When the bondwire and bond pad are made from different metals, such as in the case of wirebonding gold wire to an aluminum bond pad, for example, thermal energy is used to enhance bonding. In effect, heat is used to soften the harder metal, in this example aluminum, to match the hardness of the softer metal, in this example gold. In order to reach the required temperature, heat is applied to the bond pad by heating the underlying surface, such as a PCB. Insufficient heat can inhibit bonding, while excessive heat can result in damage to the circuitry. Some configurations, such as overhangs or stacked die assemblies present particular problems in directing an acceptable amount of heat to the bonding site.
Due to these and other problems, it is desirable to avoid unnecessary heating of devices during wirebonding, to efficiently direct thermal energy to desired locations, and to avoid excessive ultrasonic vibrations. Improved wirebonding techniques and systems adapted to provide one or more of these or similar benefits would be useful and advantageous in the arts.
In carrying out the principles of the present invention, in accordance with preferred embodiments thereof, preferred embodiments of the invention provide methods and systems for forming secure wirebonds between electrical contacts in semiconductor device assemblies. A method of wirebonding according to the invention includes steps for positioning a bondwire and ball adjacent to a bonding site with a bonding tool, heating the bondwire, ball, and bonding tool, and then placing the ball in contact with the bonding site.
According to an aspect of the invention, a preferred embodiment of a method of forming a wirebond includes steps for applying electromagnetic energy to heat a ball formed on a bondwire and subsequently applying pressure to the ball at the bonding site.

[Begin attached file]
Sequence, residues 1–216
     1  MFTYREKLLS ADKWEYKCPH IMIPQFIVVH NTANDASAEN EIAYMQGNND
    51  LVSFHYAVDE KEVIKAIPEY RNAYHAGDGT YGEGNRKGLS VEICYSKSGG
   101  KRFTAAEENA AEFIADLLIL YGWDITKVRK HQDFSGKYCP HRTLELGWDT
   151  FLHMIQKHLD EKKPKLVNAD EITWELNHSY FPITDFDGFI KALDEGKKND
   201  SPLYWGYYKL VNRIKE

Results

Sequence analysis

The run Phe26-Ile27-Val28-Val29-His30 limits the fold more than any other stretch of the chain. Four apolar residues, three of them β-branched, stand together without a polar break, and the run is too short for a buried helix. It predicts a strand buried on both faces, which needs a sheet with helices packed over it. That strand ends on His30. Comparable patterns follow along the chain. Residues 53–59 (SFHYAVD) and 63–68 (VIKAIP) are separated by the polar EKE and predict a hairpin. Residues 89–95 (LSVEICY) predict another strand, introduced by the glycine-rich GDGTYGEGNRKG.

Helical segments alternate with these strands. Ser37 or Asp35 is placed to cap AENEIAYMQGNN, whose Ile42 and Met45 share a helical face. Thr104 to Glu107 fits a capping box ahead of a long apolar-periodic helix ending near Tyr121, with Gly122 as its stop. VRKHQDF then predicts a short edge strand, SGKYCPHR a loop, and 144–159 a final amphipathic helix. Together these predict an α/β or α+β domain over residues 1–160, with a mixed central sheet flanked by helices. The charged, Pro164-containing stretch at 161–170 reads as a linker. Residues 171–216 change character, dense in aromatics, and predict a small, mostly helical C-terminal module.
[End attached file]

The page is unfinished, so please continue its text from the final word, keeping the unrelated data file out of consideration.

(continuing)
According to other aspects of the invention, in examples of preferred embodiments, reflected heat is directed to the bondwire, ball, and bonding tool to facilitate bonding.
According to yet another aspect of the invention, a system for wirebonding for use in assembling semiconductor devices includes a bonding tool for positioning a bondwire and ball adjacent to a bonding site and for placing the bondwire and ball in contact with the bonding site. A heat source is operably coupled to a heat conduit for heating the bondwire, ball, and bonding tool prior to the formation of a bond.
According to yet another aspect of the invention, a wirebonding system includes a heat reflector for reflecting heat to the bondwire from a heat source.
According to further aspects of the invention, preferred embodiments of wirebonding systems are disclosed in which a concave heat reflector, such as a mirror, is used to direct heat to bond components.
The invention has advantages including but not limited to improved wirebonding methods and systems that efficiently provide heat where required and reduce unwanted heat transfer. Further advantages are realized in the potential reduction of ultrasonic energy and pressure. These and other features, advantages, and benefits of the present invention can be understood by one of ordinary skill in the arts upon careful consideration of the detailed description of representative embodiments of the invention in connection with the accompanying drawings.
The present invention will be more clearly understood from consideration of the following detailed description and drawings in which: